Bob and Sarah, both lifelong residents of Oregon, purchased 1,000 shares of ABC, Inc. stock in 1990 for $15/share.  Bob and Sarah equally contributed towards the $15,000 purchase price with earnings from their employment.  In 2014, when the stock is selling for $100 per share, Bob dies.  Under the Internal Revenue Code, because Bob and Sarah were always residents of Oregon, a separate property jurisdiction, only Bob’s one-half interest in the stock will receive a new income tax basis equal to $50,000.  Sarah’s tax basis of $7,500 (her one-half of the cost) remains unchanged.  If Sarah sells all 1,000 shares of ABC, Inc. stock at the $100 per share value, she would recognize $42,500 of capital gains tax.

Assume the same facts as above, except that Bob and Sarah purchased the ABC, Inc. stock in 1990 while residents of California and then moved to Oregon and 2012 after their retirement.  On Bob’s death in 2014, not only will Bob’s one-half community property interest in the stock receive a new income tax basis of $50,000 but Sarah’s one-half community property interest in the stock will also receive a new income tax basis of $50,000.  As such, if Sarah sells all 1,000 shares of the ABC, Inc. stock at $100 per share, she will not recognize any taxable gain.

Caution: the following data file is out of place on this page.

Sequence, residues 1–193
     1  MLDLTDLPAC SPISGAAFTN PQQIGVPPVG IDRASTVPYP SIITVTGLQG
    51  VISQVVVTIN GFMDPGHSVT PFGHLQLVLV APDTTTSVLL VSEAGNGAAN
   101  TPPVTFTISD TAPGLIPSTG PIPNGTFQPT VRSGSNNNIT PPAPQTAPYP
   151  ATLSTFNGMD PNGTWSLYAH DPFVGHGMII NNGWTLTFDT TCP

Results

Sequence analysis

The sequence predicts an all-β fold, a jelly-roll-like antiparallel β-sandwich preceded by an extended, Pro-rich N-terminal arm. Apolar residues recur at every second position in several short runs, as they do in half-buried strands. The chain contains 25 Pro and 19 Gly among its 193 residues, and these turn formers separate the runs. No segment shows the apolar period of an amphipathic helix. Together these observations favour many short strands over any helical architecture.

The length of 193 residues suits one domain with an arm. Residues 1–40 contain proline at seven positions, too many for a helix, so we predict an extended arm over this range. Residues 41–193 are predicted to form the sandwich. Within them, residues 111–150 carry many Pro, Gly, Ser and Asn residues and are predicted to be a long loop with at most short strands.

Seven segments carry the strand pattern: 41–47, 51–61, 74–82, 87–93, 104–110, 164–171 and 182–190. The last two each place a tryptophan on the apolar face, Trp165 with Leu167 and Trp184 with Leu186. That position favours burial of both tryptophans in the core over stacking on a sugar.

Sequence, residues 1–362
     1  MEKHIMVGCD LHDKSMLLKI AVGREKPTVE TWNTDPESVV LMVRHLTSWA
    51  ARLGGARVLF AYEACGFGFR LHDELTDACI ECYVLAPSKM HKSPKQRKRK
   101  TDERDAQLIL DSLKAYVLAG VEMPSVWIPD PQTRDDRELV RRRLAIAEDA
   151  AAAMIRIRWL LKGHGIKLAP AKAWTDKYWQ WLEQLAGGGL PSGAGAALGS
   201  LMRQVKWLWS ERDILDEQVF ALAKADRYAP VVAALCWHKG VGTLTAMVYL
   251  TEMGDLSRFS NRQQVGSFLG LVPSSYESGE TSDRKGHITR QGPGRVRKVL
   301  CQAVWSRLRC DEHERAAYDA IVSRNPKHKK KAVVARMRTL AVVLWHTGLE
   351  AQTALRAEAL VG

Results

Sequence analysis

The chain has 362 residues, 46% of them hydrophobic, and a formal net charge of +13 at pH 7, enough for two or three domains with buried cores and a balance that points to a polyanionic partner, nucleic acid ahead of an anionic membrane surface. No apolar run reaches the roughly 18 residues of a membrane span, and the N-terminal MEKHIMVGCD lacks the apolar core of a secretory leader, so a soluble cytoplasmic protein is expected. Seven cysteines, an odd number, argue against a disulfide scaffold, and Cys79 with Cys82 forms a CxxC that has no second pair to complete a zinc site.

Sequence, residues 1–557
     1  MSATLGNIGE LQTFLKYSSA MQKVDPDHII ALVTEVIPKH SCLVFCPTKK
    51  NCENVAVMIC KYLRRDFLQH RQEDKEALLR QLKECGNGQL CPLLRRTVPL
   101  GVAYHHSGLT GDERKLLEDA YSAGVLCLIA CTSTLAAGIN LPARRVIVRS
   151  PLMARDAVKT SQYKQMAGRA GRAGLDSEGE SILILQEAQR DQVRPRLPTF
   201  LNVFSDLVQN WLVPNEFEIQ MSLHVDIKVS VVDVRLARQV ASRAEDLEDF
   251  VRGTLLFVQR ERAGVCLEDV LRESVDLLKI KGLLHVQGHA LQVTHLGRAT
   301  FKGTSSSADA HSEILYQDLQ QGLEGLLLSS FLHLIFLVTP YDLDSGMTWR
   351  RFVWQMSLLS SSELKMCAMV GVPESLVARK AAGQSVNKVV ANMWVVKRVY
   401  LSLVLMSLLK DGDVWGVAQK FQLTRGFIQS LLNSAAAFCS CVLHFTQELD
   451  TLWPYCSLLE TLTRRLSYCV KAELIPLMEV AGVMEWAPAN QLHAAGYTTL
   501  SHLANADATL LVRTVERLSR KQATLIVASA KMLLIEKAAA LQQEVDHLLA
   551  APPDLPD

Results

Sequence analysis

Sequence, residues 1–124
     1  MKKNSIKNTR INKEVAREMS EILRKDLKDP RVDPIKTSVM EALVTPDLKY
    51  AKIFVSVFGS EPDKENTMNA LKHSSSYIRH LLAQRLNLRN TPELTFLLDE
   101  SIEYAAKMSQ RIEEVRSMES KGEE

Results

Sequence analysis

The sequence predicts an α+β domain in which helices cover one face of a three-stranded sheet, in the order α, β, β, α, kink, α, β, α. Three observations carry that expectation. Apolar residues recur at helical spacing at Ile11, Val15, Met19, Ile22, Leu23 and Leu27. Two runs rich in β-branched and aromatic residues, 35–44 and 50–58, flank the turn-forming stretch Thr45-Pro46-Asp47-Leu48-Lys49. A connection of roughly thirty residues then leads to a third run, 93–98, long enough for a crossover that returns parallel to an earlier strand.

As demonstrated above, it is very important for couples relocating to Oregon from a community property state to, if at all possible, retain the community property character of their assets.  To help preserve the community property nature of assets our clients bring to Oregon from community property states, our firm has (i) these clients enter into a property agreement ratifying the community property status of their assets, and (ii) these couples carefully document the community property origin of their assets, whether the assets are located within Oregon or elsewhere.  This tracing can be very important at a later point in time to help substantiate the status of assets as community property, especially if the asset has changed form or been converted into other assets.